So few American playwrights really deal with social-political issues these days that Bruce Norris’s 2011 play Clybourne Park looked to many like a work of brilliance. Set in an inner-city neighborhood over a span of 50 years — in the 1950s, when the first black family tries to move in, and in the 2000s, when the first white Yuppies want to move back — it was smart and cleverly constructed, but marred (especially in the 1950s scenes) by some broad stereotyping and cheap laughs. Still, it won the Pulitzer Prize for drama and the Tony award for best play.
Norris’s new work, Domesticated, is a better play: sharper, funnier, even more cleverly constructed — and more on top of the news as well. Inspired by the sex scandals that brought down politicians like Elliot Spitzer, Mark Sanford and Anthony Weiner, it opens with the prototypical scene of public confession and contrition. Facing the TV cameras, wife dutifully at his side, a politician named Bill Pulver (Jeff Goldblum) announces his resignation from an unnamed public office, over an unspecified sex scandal. But he wavers back and forth between following his script and damning the whole phony exercise: “I don’t know what there is to be gained by going through some predetermined ritual of self-flagella — sorry. I will resign this office effective noon today.”
The play then follows him home and charts the scandal’s aftermath. For nearly the entire first act, Bill says nothing, as he is excoriated by his bitter wife (Laurie Metcalf), abused by his proto-feminist teenage daughter (Emily Meade), counseled by his brittle, high-heeled lawyer (Mia Barron) and turned into the villain of a familiar media soap-opera — which involves, not just the usual sexual indiscretions, but a prostitute who is now in a coma following an accident during their night of rough sex.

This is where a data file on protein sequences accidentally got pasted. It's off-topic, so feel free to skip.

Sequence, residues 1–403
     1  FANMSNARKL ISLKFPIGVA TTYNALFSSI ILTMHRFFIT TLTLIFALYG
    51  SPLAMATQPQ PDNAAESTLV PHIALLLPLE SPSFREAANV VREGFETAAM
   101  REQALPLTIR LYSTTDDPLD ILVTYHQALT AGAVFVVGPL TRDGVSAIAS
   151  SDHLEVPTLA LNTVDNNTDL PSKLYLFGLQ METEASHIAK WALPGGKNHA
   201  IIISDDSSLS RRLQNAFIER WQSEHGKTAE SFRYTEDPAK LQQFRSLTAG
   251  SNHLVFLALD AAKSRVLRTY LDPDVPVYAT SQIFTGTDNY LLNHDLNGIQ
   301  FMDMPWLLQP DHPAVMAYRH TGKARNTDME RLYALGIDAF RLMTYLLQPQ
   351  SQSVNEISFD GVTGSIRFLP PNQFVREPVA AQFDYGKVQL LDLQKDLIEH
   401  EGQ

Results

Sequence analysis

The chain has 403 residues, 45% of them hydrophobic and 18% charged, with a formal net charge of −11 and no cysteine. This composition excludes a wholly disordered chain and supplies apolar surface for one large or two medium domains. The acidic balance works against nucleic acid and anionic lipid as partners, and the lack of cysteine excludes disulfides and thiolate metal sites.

There’s no soap opera in Domesticated. Norris, instead, opts for acid family comedy, as Bill’s wife learns, drip by agonizing drip, the extent of her husband’s deceptions and the depth of her naivete. The semi-articulate, stop-and-start dialogue has echoes of David Mamet, and Norris has a knack for amusing jump cuts between the short scenes: a pointless therapy session; a bleak beach vacation with Bill’s mother; an exploitative, Oprah-like talk show. Moment to moment, the play is terrifically, almost scandalously entertaining — like the smartest TV sitcom you could imagine. (Even a purportedly savvy political comedy like HBO’s Veep looks cartoonish and dumb by comparison.)
A silent punching bag through most of Act 1, Bill turns into a self-justifying blabbermouth in Act 2: pouring out his rationalizations to a bartender, trying to get back his old job (as a gynecologist!), vainly seeking to get his two daughters back on speaking terms, displaying an alarmingly short fuse and a startling facility for lying. As he spirals downward, he prattles on about the impossibility of fidelity in marriage, the power struggle between men and women — more echoes of Mamet, but without his misogyny. The play’s framing device — Bill’s younger daughter narrating a series of nature films to illustrate sex-role relationships in the animal kingdom — is a little heavy-handed, and there are some plot twists that strain credulity. But it is absorbing from start to finish.
With his hangdog face, beanpole frame and querulous speech rhythms, Goldblum manages to be both smarmy and sympathetic as the disgraced politician. Metcalf is utterly brilliant as his caustic wife, doing the longest, most painful-hilarious slow burn in recent theater memory. Director Anna D. Shapiro (a Tony winner for August: Osage County) paces the show beautifully and keeps every laugh true. The play has just opened at the small Mitzi Newhouse Theater in New York’s Lincoln Center, but by all rights it should be on Broadway, and getting more attention from the Tony people. This time deserved.
(Lincoln Center Theater, through January 5)